perimeter with a world-class firewall and then ensure
you had suitable security provisions for every endpoint
inside that perimeter, security is no longer that simple.
Mobile access is the big game changer – and it can
create a few security gaps.
In reality, part of your security perimeter is still around
your business, but part of it is also around each user.
There’s an invisible boundary around every one of
your mobile users, and it needs to be secured.
Here comes the cavalry
Adding any new type of endpoint to the corporate
network has the potential to increase the burden
on the IT department – especially when it comes to
security. Mobile brings its own unique challenges. In
Chapter 2 we look at the various threats . . . and there
are a lot of threats and security risks for the unwary.
Combine these threats with the dispersed nature of the
business’s security perimeter and it all gets a bit scary.
Well, it would be scary if there was nothing we could
do to counter those risks and defend those perimeters.
Luckily, the good guys – in the form of security software
vendors – have more than a few clever tricks to help
you defend your device, your data and your corporate
There are some really great technologies that help to
protect your corporate data and keep malware off your
network. Whereas some elements of mobile security have
been around for a little while, new technologies
have been unveiled only recently. So here’s a brief
introduction to the features and capabilities that you
might like to ensure are included in the mobile security
solution you choose for your business.
The rapid rise of malware and other threats that
are targeting mobile devices means that businesses
need to install anti-malware software that’s capable
of protecting mobile devices against the very latest
viruses, spyware, Trojans, worms, bots and other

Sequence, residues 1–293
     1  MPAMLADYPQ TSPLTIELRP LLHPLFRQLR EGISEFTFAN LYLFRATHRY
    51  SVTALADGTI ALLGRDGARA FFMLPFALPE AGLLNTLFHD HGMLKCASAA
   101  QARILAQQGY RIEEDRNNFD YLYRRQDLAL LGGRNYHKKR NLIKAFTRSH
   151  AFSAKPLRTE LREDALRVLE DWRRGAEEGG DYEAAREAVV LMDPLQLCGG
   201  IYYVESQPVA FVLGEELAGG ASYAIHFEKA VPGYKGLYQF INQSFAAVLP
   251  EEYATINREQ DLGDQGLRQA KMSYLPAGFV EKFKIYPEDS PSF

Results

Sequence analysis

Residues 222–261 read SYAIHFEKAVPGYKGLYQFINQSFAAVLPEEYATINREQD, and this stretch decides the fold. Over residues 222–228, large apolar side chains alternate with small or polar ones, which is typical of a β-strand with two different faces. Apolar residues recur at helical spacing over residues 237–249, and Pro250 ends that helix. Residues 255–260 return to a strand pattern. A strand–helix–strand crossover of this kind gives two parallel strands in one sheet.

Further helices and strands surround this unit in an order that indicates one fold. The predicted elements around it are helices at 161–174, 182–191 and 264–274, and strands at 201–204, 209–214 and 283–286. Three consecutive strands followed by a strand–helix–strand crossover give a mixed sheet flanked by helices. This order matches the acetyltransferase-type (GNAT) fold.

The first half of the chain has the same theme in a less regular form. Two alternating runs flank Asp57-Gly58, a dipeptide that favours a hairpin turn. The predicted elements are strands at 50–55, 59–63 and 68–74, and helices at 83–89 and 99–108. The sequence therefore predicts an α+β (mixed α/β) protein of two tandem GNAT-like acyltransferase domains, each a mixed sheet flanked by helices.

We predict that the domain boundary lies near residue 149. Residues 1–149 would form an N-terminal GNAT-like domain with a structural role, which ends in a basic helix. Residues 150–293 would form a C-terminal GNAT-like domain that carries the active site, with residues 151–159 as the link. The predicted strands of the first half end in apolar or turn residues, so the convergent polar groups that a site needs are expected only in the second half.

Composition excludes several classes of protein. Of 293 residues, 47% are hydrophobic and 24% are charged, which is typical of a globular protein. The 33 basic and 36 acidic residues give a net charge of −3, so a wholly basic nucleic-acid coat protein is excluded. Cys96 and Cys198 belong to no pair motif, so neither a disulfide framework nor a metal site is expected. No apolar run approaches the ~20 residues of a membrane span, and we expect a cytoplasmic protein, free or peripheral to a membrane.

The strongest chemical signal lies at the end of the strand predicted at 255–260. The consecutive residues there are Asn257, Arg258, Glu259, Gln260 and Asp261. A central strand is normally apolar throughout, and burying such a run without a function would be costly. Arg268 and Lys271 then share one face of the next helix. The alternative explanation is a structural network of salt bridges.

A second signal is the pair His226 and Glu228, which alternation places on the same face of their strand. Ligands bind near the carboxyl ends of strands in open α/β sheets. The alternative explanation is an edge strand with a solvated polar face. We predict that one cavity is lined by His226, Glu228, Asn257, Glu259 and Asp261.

malicious code. Solutions that just use traditional,
signature-based anti-malware technologies are no
longer enough to guarantee adequate protection.
So it’s a good idea to look for a security solution that
includes heuristic analysis – as well as signature-based
protection – so that it’s capable of defending against
documented malware and also those new threats for
which a signature doesn’t yet exist.
Rigorous anti-malware solutions also include anti-spam
technologies, in order to filter out unwanted calls and
texts that try to reach the mobile device. So that means
fewer distractions for your workforce.
Anti-phishing features are also vital in helping to prevent
inadvertent visits to fake or fraudulent websites that
try to steal information.
Here are a couple of additional things to look
out for in your anti-malware solution:
✓ How often are the anti-malware databases
updated? Frequent, small updates help to ensure
you’re protected against new threats, without
placing an unnecessary load on your systems.
✓ Does the solution let you run on-demand scans, as
well as scheduled scans?
Mobile Device Management
An integrated MDM solution can help to make it easier
to do a whole host of administration and security tasks
across a range of different devices and operating
systems (OSs), including:
Benefiting from a hybrid solution
Hybrid anti-malware solutions – which combine anti-
malware technologies that run on your devices, plus cloud-
based services – can deliver an even higher level of
protection. By sending up-to-the-minute data to your systems
and devices about the very latest emerging threats, cloud-
enabled services can work with the signature-based and
heuristic anti-malware technologies that are running on your
device . . . so you benefit from multi-layer security.
✓ Deploying the security agent onto each device –
with features that let you remotely provision
security software Over the Air (OTA).
✓ Simplifying the implementation of security
policies on the devices.
✓ Separating personal and corporate data on
each device – and enabling ‘selective wiping’ of
corporate data, without deleting the user’s own
✓ Enabling the use of encryption technologies on